Phase 2 of the project, scanning and converting files to PDFs, from 1983 to 1991, is now underway.

Just Posted

PlanCultus was adopted in 2017 as a guiding document for Cultus Lake Park. (Cultus Lake Park Board)
More affordable housing options could be coming to Cultus Lake Park

Online survey opened on June 14 to gauge opinion on plaza redevelopment eyed for Village Centre

The Abbotsford International Airshow is back for 2021 with the ‘SkyDrive’ concept.
Abbotsford International Airshow returns for 2021 with ‘SkyDrive’

New format features a drive-in movie type experience, show set for Aug. 6 to 8

A young couple walks through the Othello Tunnels just outside of Hope. (Jessica Peters/Black Press)
Hope’s Othello Tunnels fully open to the public

Geological testing proved the area safe enough to open for the first time in more than a year

Raeya Evie Duncan was the 100th baby born at Chilliwack General Hospital for the month of May. She is seen here with her parents Alysha Williams and Andrew Duncan on June 12, 2021. (Jenna Hauck/ Chilliwack Progress)
Baby boom in Chilliwack as record number of infants born at CGH in May

‘COVID babies are coming out,’ says dad of 100th baby born at Chilliwack General Hospital last month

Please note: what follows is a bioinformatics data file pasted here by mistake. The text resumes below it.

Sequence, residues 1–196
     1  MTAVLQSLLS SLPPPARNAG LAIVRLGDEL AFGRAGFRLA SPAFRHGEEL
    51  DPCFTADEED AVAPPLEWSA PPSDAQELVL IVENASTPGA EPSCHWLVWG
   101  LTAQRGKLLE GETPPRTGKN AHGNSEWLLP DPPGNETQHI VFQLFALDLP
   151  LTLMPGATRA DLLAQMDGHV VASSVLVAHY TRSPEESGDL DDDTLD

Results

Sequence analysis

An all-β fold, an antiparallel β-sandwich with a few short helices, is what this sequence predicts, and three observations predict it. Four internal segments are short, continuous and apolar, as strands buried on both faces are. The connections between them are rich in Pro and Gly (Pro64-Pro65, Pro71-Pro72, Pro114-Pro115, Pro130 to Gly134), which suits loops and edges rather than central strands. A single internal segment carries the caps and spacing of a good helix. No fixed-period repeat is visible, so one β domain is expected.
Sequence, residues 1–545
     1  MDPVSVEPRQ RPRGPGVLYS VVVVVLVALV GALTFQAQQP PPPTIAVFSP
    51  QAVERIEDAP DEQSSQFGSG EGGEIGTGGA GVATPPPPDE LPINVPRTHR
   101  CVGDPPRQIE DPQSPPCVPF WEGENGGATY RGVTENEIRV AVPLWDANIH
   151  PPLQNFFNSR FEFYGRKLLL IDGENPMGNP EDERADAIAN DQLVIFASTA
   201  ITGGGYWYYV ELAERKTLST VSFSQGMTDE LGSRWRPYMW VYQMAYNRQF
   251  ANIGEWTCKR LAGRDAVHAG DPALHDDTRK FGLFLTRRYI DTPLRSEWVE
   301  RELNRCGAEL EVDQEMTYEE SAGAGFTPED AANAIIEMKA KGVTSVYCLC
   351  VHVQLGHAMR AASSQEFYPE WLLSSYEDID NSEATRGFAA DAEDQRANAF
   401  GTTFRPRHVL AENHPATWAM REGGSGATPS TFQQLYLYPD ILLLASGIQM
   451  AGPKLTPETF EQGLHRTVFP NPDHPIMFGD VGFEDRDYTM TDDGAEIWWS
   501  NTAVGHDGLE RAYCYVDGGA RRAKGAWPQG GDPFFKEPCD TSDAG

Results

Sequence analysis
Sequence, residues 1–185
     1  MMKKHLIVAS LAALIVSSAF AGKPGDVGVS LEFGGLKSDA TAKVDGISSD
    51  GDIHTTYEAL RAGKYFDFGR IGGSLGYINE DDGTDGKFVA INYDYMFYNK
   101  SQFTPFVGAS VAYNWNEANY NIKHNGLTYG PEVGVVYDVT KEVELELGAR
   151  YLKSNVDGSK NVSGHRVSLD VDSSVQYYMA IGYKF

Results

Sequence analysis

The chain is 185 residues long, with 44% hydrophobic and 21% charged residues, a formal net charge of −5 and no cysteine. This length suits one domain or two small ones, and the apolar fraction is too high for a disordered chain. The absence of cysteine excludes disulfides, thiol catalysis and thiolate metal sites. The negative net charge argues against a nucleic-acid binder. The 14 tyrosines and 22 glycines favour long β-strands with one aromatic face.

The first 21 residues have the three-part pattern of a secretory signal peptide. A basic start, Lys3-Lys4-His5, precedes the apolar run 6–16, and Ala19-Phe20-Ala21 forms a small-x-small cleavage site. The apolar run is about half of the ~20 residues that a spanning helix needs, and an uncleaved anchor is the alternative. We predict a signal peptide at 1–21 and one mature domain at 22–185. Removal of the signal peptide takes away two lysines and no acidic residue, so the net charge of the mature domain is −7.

Syringes prepared with Pfizer’s COVID-19 vaccine at a vaccination site in Long Beach, Calif., Friday, March 5, 2021. (AP Photo/Jae C. Hong)
Walk-ins welcome at upcoming G.W. Secondary vaccine clinic

Second consecutive Saturday Fraser Health has scheduled a same-day clinic in a Chilliwack school

Maxwell Johnson is seen in Bella Bella, B.C., in an undated photo. The Indigenous man from British Columbia has filed complaints with the B.C. Human Rights Tribunal and the Canadian Human Rights Commission after he and his granddaughter were handcuffed when they tried to open a bank account. THE CANADIAN PRESS/HO-Heiltsuk Nation, Damien Gillis, *MANDATORY CREDIT*
VIDEO: Chiefs join human rights case of Indigenous man handcuffed by police in B.C. bank

Maxwell Johnson said he wants change, not just words, from Vancouver police

For more than a year, Rene Doyharcabal and a small group of neighbours in Langley’s Brookswood neighbourhood have been going out every evening to show support for first responders by honking horns and banging pots and drums. Now, a neighbour has filed a noise complaint. (Langley Advance Times file)
Noise complaint filed against nightly show of support for health care workers in B.C. city